Andy Chandler-Grevatt explains how you can develop your questioning skills to improve students’ grasp of chemistry concepts
Experienced teachers notice when a student is going wrong, interpret the problem, and select an appropriate intervention. This skill is often taken for granted by experienced teachers but seen as almost a mystical talent by trainee and non-teacher observers. How can teachers build this key aspect of teacher assessment literacy?
To interpret and intervene effectively, teachers need good subject knowledge, a working mental map of chemistry, and an appreciation of common misunderstanding and misconceptions. In the classroom, experienced teachers can judge when the whole group, a small number of students or an individual student misunderstands a particular concept and take action to remedy this. Beverley Bell and Bronwen Cowie researched these formative assessment skills, observing science teachers in New Zealand and identifying two approaches: planned and interactive. They looked at the behaviours of the teacher in these situations. In planned formative assessment, teachers elicit student responses, interpret those responses and act on them. In interactive formative assessment, teachers have to notice, interpret and respond to their students. So how can you develop these skills?
Ask and respond
Teachers often set up situations for their students to respond to, to look for gaps in learning. For example, a teacher could show students a displacement reaction and ask them to explain it through verbal or written questions.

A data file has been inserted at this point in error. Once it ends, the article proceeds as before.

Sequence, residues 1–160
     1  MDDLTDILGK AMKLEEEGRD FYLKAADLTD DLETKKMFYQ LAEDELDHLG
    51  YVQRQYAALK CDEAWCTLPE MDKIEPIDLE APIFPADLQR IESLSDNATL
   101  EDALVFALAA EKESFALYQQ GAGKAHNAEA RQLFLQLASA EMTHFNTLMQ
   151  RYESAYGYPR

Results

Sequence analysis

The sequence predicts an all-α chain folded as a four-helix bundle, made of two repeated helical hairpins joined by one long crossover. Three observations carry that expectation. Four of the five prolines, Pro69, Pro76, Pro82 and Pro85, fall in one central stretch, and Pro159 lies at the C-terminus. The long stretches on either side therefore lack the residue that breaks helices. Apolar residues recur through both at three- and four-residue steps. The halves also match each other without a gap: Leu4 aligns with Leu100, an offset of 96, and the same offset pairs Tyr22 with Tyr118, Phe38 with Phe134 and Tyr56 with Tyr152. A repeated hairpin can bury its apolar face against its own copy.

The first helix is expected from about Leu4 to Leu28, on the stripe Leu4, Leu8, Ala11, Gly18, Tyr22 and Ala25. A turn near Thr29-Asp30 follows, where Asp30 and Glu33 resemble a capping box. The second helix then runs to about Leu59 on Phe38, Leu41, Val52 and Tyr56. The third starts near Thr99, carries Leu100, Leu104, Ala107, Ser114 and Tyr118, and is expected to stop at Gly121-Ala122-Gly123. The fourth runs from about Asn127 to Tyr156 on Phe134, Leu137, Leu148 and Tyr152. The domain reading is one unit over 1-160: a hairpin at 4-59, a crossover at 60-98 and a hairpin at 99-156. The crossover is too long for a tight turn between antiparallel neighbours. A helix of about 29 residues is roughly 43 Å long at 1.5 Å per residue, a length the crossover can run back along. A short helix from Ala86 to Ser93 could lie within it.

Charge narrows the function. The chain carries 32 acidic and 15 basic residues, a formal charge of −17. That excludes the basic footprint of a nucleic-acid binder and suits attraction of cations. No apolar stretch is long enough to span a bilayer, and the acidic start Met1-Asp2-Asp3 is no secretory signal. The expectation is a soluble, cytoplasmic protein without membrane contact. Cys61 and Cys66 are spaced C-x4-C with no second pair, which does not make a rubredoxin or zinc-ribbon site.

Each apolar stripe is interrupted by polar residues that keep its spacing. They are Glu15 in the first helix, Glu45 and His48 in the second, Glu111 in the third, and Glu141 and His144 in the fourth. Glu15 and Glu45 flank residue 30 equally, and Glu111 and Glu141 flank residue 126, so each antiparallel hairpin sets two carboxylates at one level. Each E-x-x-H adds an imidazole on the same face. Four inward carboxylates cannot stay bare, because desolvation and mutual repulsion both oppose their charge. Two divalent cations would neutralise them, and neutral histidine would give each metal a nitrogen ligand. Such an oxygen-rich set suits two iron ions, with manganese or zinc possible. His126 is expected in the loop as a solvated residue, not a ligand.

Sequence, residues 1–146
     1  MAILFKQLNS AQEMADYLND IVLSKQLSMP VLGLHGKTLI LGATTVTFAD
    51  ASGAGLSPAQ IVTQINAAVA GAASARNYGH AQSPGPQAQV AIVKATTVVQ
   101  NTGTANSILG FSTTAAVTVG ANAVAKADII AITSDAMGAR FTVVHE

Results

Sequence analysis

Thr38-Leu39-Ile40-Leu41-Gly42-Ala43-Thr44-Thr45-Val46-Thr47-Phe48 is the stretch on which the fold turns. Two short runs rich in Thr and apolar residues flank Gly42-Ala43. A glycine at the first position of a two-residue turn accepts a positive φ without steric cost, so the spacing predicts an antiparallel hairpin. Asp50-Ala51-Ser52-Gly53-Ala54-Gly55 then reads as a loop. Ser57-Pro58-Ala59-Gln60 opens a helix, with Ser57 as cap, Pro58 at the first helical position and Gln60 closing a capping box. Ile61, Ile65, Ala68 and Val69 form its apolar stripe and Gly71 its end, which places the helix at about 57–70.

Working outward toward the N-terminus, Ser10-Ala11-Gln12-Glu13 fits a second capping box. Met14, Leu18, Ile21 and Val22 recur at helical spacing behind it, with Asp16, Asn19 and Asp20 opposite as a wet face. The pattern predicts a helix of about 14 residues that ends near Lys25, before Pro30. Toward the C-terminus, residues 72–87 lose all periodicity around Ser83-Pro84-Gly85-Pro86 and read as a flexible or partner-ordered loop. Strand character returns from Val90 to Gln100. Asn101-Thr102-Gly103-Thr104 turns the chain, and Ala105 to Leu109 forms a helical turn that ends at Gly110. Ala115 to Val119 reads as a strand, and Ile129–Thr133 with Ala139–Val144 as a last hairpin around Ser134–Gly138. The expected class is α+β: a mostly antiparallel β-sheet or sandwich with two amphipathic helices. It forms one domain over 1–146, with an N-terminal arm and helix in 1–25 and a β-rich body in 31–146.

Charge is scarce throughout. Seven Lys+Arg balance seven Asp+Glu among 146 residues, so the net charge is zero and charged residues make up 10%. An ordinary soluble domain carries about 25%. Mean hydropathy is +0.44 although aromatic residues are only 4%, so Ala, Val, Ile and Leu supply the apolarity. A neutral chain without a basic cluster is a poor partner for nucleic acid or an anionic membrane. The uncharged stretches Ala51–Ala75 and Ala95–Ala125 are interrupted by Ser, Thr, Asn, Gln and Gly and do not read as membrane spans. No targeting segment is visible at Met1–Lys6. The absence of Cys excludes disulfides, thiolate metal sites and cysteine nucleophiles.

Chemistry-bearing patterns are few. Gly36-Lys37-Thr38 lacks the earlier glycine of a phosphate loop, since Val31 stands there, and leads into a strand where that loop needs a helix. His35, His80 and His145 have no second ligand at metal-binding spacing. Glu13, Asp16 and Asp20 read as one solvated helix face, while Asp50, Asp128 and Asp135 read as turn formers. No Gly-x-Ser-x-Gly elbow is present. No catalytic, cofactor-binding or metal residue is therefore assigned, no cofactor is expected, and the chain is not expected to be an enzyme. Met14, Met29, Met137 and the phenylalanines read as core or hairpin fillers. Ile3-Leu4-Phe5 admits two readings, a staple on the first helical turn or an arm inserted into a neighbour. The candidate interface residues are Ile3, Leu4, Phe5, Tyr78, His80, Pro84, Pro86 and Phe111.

Teachers will already have their mental map of the type of response they would expect from a learner at this stage and know the potential misunderstandings and misconceptions, so they are ready to spot any difficulties and intervene.
The next step is to intervene by responding appropriately to a learner’s errors, usually in the form of a question. There are typically four reasons for mistakes and questions can help to diagnose the error: lack of knowledge, a missing connection, misunderstanding, or misconception. Once you know the reason behind an error, you can intervene.
Use appropriate interventions
A lot of errors can be remedied by asking the right question at the right time. When a response is incorrect, teachers can diagnose the type of error through general or specific questions.
- Why do you think that?
- How sure are you of your answer?
- Can you explain your thinking to me?
- Why does the solution’s colour change?
- What happens to the nail (iron) in the solution?
- What type of reaction is this? What does that mean?
When you are teaching a topic for the first time, or you want to improve, add these questions to your mental map and work out how you might respond to particular misconceptions.
Going back a few steps in the learning is often a helpful approach if a learner has missing knowledge or a missing connection. For example, revisiting the reactivity series, any previous examples of displacement reactions or the features of chemical reactions could be useful start points.
Talking through and questioning ideas during a live demonstration can help focus students’ thinking. For example, it might be helpful to draw a macroscopic diagram of the reaction, before, during and after, and include keywords and concepts. Then you can draw particle diagrams to illustrate each stage. Consider using the I/We/You approach: I show you, we do an example together, you then do it independently. It is helpful to have a developed library of good explanations for key concepts.
Finally, it all takes practice. Develop your own selection of practice questions and activities to help embed knowledge and increase learners’ confidence by giving them time to practice, make mistakes and correct their errors.
The next article in the series will look at how to improve your assessment literacy through knowledge of examinations.